The Amalfi Coast: A Tale of Two Cities

The square at Amalfi

The square at Amalfi

Last week, my fiance and I attended a friend’s wedding near Atrani on the famous Amalfi Coast of Italy. It was a trip of many adventures and memorable experiences. While I could rave on about the vacation and give lots of travel advise on the destination, other writers and bloggers have done that and far better than I could. So if you want the inside scoop on the Amalfi coast I have provided a list of blogs and articles worth reviewing.

Instead, I’m going to focus on customer service and how it can shape one’s view of a place.

The Amalfi coastline is a popular destination, with throngs of visitors virtually year-round. So even in late September the season was going strong. In addition to the celebrations around the wedding we ventured up and down the windy roads to the villages and towns.

Of course we had to visit Positano, the ‘picture perfect’ town of colorful villas that cascade and tumble down the slopping hills to the Mediterranean Sea. Suffice it to say it’s the most visited town along the coast. Being in the tourism industry I try to visit the local official tourism visitor center to see how things are done and to get help. So I stopped into Positano’s visitor center. The place was surprisingly empty. One young woman sat behind the counter, writing numbers in a ledger. She did not look up or say anything when I entered. So I browsed the brochures while she continued her task. I noticed on the counter (just a foot or two away from her) some basic town maps in various languages. I walked up and noticed there were none in English. So I asked if there were any. She looked up and without smiling said “We are out, they’ll be here next week.” Then she returned to her menial task. No apologies, no offer of an alternative map, nothing. So I left. Throughout my trip I found many of the employees in tourist shops were indifferent and inattentive and after awhile, I came to accept it. But in my book that attitude does not cut it at the official visitors center. If anything, they should be the most welcoming folks to counter indifferent attitudes and lack of service found elsewhere.  Sadly her attitude negatively affected my perception of that lovely community.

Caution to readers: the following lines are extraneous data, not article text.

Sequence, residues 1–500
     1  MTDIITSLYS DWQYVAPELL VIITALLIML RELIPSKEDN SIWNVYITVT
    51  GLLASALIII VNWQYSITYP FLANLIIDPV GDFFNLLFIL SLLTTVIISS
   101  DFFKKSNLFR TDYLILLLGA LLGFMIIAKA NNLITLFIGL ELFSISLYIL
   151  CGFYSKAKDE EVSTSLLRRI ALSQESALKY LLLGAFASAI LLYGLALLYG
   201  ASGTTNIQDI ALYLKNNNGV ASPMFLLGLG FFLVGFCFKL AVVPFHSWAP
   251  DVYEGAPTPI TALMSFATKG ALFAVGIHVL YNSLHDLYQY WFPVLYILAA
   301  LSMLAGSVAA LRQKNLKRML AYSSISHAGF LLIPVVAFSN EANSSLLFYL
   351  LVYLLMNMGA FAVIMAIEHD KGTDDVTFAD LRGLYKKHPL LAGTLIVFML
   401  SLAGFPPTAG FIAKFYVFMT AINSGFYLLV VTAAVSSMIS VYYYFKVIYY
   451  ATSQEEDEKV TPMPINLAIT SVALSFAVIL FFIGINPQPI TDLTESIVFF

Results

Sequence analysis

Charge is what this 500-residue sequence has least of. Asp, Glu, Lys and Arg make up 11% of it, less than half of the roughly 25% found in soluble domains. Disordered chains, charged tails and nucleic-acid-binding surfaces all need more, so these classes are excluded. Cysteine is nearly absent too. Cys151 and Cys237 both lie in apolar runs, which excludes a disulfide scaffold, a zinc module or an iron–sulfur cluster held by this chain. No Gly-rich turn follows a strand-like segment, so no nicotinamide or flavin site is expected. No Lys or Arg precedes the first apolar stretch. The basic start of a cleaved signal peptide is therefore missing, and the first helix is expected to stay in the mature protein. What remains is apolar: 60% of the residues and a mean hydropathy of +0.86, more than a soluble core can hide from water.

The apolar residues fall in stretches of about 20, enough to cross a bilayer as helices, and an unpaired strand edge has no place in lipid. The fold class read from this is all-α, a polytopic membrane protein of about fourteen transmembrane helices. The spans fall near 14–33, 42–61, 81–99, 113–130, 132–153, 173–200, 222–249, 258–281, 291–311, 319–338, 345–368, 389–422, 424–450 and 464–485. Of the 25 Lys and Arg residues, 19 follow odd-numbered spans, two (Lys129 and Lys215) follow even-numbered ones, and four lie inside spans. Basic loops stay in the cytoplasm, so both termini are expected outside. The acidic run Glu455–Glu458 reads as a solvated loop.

Our base for the week was the Hotel L’ Antico Convitto in the town of Amalfi.  The staff there could teach that visitor center employee much about hospitality industry, that it centers on SERVICE. In my career and personal life I have stayed at hundreds of hotels, motels, lodges, inns and B&Bs. The level of service the folks at Hotel Convitto gave was some of the best I have experienced. Ever. They were sincerely happy to see us each day. They willingly gave us advice on things to see plus gladly assisted with our requests promptly. As a result, they presented a very positive impression of Amalfi and I would recommend that hotel and town to anyone. Thank you Ferdinando, Antonelle, Gabriela and Teresa for your warmth and hospitality.

The bottom line is that we judge a destination by not only its attractions, amenities and our experiences but also by the level and quality of service we receive from the people in the community. Those of us in the tourism industry should never forget that.

Amalfi coast travel advice and resources:

This Why Go Italy write up has great information and resources.
Rick Steve’s recent column in the Seattle Times is worth a read.

Peter Greenberg has good advice regarding the Amalfi coast in this feature.


3 thoughts on “The Amalfi Coast: A Tale of Two Cities

  1. Pingback: On trying to appreciate the beauty of the Amalfi Coast when feeling like I’m about to die | 500adventures

  2. Pingback: Transportation to Amalfi Coast | Travel in Europe Blog

  3. Pingback: Getting to the famous Amalfi Coast | Travel in Europe Blog

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